Of the 112 original scores eligible for an Oscar this award season, only three, or 2.7%, were composed or co-composed by women.
Those three female composers are Miriam Cutler for the campus-rape doc “The Hunting Ground,” Britta Phillips (who collaborated with Dean Wareham) for the Greta Gerwig comedy “Mistress America” and Heather McIntosh for the post-apocalyptic drama “Z for Zachariah.”
In 1996, Rachel Portman (“Belle”) became the first female composer to win an Academy Award for her original score. She won in in the category of Best Musical or Comedy Score for “Emma.” (The Original Score category no longer differentiates between film genres.)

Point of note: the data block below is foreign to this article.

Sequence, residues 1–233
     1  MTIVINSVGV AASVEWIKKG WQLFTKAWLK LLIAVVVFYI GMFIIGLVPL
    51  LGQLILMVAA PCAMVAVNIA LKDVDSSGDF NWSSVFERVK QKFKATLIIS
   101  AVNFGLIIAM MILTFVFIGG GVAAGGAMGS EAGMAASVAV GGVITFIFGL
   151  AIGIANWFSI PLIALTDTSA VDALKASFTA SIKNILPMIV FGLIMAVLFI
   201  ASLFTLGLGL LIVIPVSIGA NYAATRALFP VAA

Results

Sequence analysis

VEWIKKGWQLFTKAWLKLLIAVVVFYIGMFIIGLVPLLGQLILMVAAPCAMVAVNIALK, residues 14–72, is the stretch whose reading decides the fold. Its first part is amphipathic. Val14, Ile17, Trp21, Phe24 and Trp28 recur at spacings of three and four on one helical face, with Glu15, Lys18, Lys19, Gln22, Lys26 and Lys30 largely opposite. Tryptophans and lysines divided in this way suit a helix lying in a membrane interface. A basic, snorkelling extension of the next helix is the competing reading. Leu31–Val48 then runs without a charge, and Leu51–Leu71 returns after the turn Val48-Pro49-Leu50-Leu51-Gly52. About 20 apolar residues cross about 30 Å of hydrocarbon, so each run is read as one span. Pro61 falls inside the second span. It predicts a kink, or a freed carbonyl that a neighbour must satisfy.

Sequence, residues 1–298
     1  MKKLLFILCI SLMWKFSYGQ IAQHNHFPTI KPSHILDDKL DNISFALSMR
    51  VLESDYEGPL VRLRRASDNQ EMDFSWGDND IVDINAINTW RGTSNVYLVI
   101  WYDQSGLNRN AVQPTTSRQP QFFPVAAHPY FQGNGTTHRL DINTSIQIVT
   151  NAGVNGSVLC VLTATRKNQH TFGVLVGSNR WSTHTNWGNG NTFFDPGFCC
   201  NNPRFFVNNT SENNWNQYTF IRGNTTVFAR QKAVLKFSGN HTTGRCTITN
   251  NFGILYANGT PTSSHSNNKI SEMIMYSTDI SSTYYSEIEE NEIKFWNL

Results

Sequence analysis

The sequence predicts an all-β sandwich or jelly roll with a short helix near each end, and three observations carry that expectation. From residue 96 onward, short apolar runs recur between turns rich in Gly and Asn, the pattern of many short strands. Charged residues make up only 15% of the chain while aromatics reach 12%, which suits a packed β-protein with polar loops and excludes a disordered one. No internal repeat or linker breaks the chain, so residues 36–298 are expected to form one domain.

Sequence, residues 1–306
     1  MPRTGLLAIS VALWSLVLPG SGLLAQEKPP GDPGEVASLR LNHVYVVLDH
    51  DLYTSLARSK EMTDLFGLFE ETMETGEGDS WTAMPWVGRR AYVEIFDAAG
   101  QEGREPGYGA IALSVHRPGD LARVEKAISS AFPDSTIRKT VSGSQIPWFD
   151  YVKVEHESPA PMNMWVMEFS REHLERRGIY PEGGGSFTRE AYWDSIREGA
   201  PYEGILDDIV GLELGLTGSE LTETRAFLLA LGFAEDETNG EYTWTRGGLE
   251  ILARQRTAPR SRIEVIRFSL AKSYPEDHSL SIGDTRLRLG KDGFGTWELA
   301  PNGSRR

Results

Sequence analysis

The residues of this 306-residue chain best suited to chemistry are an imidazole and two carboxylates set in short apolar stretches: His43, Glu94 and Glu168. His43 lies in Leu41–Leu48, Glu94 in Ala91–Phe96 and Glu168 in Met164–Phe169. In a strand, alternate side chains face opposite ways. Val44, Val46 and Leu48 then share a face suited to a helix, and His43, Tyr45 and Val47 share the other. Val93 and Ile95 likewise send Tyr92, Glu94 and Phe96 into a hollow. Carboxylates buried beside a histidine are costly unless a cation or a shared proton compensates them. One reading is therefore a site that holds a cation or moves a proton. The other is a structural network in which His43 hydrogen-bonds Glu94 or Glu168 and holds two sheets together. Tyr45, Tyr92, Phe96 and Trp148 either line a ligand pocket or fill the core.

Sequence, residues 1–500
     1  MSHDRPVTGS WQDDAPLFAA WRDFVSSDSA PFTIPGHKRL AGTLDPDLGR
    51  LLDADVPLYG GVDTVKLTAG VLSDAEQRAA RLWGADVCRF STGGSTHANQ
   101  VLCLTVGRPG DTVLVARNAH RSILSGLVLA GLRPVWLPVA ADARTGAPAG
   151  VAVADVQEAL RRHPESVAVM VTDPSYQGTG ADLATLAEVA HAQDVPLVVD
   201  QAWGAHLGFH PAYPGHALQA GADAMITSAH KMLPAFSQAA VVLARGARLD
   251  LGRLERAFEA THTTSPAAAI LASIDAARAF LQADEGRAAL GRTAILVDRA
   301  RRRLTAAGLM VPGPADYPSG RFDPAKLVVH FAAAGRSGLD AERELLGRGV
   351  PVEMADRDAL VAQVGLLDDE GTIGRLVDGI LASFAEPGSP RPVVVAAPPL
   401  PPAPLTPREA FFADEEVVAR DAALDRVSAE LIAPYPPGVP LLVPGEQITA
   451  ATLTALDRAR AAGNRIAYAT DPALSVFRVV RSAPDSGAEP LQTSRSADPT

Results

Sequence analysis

Women comprised only 1% of all composers working on the top 250 films of 2014.
“There are many, many talented women composers working at every level of media,” Laura Karpman, Academy member and founder and president of the Alliance of Women Composers told Women and Hollywood. “We, however, are clearly not booking the tentpole, high-visibility projects, or we are booking lower-paying gigs that don’t allow us to engage a very useful publicity machine that aids in awareness. We at the Alliance of Women Film Composers are trying to get information out to our members on how to be included on these lists.”